On the first sip, I taste herbal honey, vanilla, apricot, dried pineapple, licorice, roasted oak, cinnamon, clove, and cantaloupe (sounds like I’m making it up I know). Ancient Ancient Age 10 Year has this distinct fruitiness and herbalness, and it bounces between the fruit, herbal, and oaky traits. It’s a bit of a conundrum for me.
As good as the flavors are, the 43% ABV is more obvious. It’s not thin, but also doesn’t have the body of say 46.5% ABV Blanton’s from the early 90’s. That 3.5% extra ABV apparently makes a difference, on top of barrel selection.
After “chewing” there’s honey, dried licorice, pineapple, apricot, cantaloupe, vanilla, old oak, cinnamon, and clove. I appreciate the nicely developed and round sweetness, fruitiness, herbalness, and oak, but dang that ABV knocks it down a bit.
Like I’ve mentioned over and over, Ancient Ancient Age 10 Year has such a distinctive sweetness. Cantaloupe / melon still comes to mind when I think about it because of that slightly herbal and vegetal sweetness.
So while old Blanton’s has more dried cherry, and a greater level of richness, depth, and body, Ancient Ancient Age drinks like a different bourbon.
Honey, pineapple, licorice, roasted oak, and cantelope lead into the finish. The cantaloupe fruitiness in the aftertaste is nice, but overall Ancient Ancient Age 10 Year’s finish isn’t going to blow you away with the ending.
“Chewing” leaves honey, pineapple, dried licorice, oak, and a little coffee ground. The aftertaste is lighter, probably because of the ABV.
But you know what, this still tastes very good and I’d drink it often if it were readily available.
ancient age 10 year neck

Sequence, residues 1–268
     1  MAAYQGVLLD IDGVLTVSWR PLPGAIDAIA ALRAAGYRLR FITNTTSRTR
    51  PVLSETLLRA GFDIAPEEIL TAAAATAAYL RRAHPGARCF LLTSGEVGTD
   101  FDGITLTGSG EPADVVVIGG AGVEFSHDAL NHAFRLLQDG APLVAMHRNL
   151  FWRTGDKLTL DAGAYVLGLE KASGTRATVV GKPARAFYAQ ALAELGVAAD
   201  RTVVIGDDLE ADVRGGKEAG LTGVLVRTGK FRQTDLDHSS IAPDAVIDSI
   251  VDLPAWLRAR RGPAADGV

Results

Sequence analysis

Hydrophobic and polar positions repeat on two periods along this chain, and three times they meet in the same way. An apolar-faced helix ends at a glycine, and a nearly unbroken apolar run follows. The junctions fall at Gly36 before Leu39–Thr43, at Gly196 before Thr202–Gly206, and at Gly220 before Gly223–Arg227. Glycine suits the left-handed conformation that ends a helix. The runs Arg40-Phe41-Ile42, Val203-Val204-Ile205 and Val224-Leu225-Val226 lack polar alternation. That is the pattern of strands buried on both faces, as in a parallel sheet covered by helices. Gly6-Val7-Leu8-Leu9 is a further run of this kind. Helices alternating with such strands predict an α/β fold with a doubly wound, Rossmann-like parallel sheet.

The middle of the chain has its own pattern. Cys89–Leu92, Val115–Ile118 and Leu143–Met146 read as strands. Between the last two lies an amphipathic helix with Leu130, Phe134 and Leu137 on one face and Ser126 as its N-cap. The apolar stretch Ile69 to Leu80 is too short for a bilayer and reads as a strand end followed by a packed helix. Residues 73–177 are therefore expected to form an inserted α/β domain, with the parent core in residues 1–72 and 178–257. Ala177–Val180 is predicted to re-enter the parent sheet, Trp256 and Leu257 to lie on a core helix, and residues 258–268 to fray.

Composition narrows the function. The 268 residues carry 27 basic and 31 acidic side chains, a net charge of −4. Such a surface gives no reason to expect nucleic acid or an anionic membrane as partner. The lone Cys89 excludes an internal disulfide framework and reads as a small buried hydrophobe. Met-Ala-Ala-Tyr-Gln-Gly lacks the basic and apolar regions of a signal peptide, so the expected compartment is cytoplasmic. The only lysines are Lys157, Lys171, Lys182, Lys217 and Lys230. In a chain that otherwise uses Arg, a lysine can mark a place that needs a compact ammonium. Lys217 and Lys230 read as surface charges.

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Ancient Ancient Age 10 Year Rating

Mid shelf+
I admit that I’ve enjoyed this bottle of Ancient Ancient Age 10 Year a few times before reviewing it. Fun fact, a buddy, his girlfriend, and I probably had 2/3 of the bottle in a night (don’t drink and drive folks – I didn’t have a car in Tokyo so it’s impossible). Reviewing gives me more detail as to why I’ve enjoyed drinking it.
Most of all, there’s an interesting dance and balance between the honey, high-rye herbalness, fruitiness, and old oak. The maturity, development, and “dustiness” are clearly there with the rounder and richer traits, especially the darker fruit. The slightly better viscosity and greater fruitiness are two major traits that bourbons often lack these days.
The distinct fruitiness also has me constantly puzzled, and I landed on cantaloupe (or some melon-y fruit) being that mystery trait. And for better or worse, the ABV makes it very very easy to drink.
My main critique is some of the thinness I get in both the scents and flavors, but especially the flavors. A little extra ABV would have been nice, but it doesn’t actually matter anymore because this particular bottling has been discontinued for decades and nothing’s going to change.
Back in the day if you wanted a little more kick, Blanton’s and Blanton’s Gold, among many other high-quality options, were there to satiate your higher-ABV fix. The early 90s, in Japan at least) had an embarrassment of amazing bourbon.
I will say though, this wasn’t quite the homerun purchase at $130, but I’m happy to have purchased and reviewed it with no regrets. Even though the drinking experience alone may not be “worth” it, there’s still some value to me at least, of trying and reviewing these discontinued bourbons for knowledge’s sake before it all disappears into oblivion.
If you’re thinking about getting one, likely via auction, I certainly won’t tell you to avoid it. Just know generally what you’re getting and then decide if the price is right for you.
Ancient Ancient Age 10 Year, this bottle from 1993, is a sweet, fruity, herbal, distinctive, well-matured, and easy drinking bourbon. Interpret that as you will.
Alex author
Meet the Author: Alex

I have far too much fun writing about whiskey and singlehandedly running The Whiskey Shelf to bring you independent, honest, and useful reviews, comparisons, and more. I’m proudly Asian American and can speak Cantonese, Mandarin, and some Japanese.